Should founders pay for their stock in cash or contribute intellectual property?
January 14, 2009
If a founder owns intellectual property that he or she plans on contributing to a company, the founder may want to pay for founder stock by assigning the intellectual property rather than paying cash. Even though founders typically purchase stock for $0.01 or $0.001 per share, the aggregate purchase price can often be in the thousands of dollars. (Or course, the par value can be set extremely low, such as $0.00001 per share in order to allow founder stock purchases at extremely low prices.) Sometimes, a founder will choose to assign a business plan to the company for this purpose. Nevertheless, there are number of risks associated with purchasing founder stock by means of assigning intellectual property, including:
- difficulty in adequately defining the scope of what is being assigned or what the company needs in this regard now or in the future;
- difficulty in making sure the assignment is properly perfected;
- difficulty in accurately valuing the assets assigned, which could affect the company’s stock option pricing if the company’s auditors determine that the value of the intellectual property (and, by correlation, the fair market value of the common stock purchased) was significantly higher than stated; and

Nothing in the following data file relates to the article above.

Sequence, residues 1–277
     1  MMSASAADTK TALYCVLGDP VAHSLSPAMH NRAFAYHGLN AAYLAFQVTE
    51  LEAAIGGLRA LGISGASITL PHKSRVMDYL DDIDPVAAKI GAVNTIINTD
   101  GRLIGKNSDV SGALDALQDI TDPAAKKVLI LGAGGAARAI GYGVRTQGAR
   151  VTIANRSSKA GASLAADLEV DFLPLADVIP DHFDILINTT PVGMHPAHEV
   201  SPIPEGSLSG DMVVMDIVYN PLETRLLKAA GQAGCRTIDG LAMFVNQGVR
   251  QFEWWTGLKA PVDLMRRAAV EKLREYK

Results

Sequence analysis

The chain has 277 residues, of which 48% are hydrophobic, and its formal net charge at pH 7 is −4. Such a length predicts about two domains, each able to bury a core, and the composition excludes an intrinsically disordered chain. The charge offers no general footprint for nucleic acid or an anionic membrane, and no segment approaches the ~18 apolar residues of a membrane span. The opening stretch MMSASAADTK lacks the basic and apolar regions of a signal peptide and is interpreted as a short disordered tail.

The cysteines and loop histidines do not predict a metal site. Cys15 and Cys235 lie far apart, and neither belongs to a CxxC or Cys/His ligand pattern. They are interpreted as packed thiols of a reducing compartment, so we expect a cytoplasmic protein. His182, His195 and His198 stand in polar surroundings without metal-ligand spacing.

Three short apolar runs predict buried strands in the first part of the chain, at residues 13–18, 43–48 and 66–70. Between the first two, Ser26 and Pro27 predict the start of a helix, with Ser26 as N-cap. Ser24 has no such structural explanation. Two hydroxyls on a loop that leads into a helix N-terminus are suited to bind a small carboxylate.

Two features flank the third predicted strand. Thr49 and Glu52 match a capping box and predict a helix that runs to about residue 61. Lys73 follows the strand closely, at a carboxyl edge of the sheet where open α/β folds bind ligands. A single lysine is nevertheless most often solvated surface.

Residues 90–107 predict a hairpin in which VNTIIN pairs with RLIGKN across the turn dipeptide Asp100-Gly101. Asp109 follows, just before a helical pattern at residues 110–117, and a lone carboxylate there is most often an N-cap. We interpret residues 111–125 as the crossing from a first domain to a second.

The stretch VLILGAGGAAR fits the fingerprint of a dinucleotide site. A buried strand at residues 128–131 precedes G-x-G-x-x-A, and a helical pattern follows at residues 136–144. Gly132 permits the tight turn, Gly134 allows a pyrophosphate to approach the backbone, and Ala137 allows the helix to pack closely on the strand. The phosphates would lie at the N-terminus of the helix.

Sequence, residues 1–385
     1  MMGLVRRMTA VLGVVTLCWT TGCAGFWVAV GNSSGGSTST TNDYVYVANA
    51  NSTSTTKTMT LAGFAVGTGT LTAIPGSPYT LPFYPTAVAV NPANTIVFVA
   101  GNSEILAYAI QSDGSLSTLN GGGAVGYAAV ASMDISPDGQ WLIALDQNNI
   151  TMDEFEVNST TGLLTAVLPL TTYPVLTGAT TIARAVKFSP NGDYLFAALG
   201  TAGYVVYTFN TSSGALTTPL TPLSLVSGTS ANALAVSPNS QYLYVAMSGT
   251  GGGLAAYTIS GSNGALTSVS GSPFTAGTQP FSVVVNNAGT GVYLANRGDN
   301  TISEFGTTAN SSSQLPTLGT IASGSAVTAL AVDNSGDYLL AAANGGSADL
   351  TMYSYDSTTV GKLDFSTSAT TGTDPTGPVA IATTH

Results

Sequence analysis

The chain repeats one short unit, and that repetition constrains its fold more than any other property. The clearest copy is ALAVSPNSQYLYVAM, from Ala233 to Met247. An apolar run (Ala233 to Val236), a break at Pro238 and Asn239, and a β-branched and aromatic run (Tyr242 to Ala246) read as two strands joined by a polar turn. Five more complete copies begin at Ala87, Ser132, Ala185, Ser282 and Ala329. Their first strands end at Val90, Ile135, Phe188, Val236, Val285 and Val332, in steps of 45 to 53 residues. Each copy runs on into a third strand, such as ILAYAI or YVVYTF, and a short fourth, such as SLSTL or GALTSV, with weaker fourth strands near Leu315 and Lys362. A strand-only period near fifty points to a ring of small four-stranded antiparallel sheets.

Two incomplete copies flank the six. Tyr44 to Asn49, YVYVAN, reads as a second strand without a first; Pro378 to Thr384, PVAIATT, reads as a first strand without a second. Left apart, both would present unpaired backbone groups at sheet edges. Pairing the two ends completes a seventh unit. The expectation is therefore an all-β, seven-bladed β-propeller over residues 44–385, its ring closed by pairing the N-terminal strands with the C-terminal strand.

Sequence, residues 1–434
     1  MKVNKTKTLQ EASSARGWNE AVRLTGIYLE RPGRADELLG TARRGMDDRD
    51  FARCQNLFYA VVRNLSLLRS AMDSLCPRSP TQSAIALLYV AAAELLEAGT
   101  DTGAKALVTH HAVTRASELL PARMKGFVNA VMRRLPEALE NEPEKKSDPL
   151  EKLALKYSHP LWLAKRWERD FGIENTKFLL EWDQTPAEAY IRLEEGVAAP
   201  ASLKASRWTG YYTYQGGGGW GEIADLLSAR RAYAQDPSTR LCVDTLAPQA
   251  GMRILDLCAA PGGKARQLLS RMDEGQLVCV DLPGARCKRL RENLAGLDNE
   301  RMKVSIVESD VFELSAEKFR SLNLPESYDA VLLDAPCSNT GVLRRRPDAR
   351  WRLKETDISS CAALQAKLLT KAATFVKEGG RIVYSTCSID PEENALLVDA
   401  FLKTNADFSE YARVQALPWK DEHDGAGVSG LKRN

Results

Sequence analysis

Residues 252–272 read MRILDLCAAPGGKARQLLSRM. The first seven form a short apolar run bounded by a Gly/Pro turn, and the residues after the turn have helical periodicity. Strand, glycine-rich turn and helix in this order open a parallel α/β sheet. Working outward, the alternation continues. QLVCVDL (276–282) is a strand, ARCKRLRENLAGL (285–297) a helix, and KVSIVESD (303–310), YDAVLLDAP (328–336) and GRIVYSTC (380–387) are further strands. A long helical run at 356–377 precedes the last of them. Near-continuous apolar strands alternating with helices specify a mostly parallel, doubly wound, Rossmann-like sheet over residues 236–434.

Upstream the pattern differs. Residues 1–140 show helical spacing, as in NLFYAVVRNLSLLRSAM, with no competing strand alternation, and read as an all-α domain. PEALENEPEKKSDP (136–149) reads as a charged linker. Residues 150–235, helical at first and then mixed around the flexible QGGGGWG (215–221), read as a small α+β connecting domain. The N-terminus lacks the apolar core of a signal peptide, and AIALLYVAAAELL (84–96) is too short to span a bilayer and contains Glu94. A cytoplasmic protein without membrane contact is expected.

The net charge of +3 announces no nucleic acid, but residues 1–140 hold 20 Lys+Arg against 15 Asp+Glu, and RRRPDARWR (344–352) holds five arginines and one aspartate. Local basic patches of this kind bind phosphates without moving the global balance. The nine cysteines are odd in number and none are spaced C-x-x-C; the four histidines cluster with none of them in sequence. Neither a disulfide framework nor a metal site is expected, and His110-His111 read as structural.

- potential tax ramifications (the contribution must to reviewed to make sure that the transaction complies with Section 351 of the Internal Revenue Code in order to be tax free).
In order for an exchange of property for stock to be tax free under Section 351, there are two requirements. First, the property generally must to transferred solely in exchange for stock of the company. This is easily met because the founder typically does not receive any cash in the exchange. Second, immediately after the transfer, the founder(s), including those transferring cash, must own (i) stock possessing at least 80% of the combined voting power of all classes of stock entitled to vote, and (ii) at least 80% of the total number of shares of each other class of stock. If there is more than one founder, the contributions do not need to be simultaneous, but need to be at or around the same time as the other founders so that it is part of the same transaction in order for the transfers to be aggregated to meet the 80% test.
If a founder chooses to purchase stock by means of assigning intellectual property, the founder needs to execute a proper assignment so that title to the intellectual property is clearly transferred to the company. In addition, the founder should generally always include at least some cash consideration in order to ensure that the par value per share is paid in cash.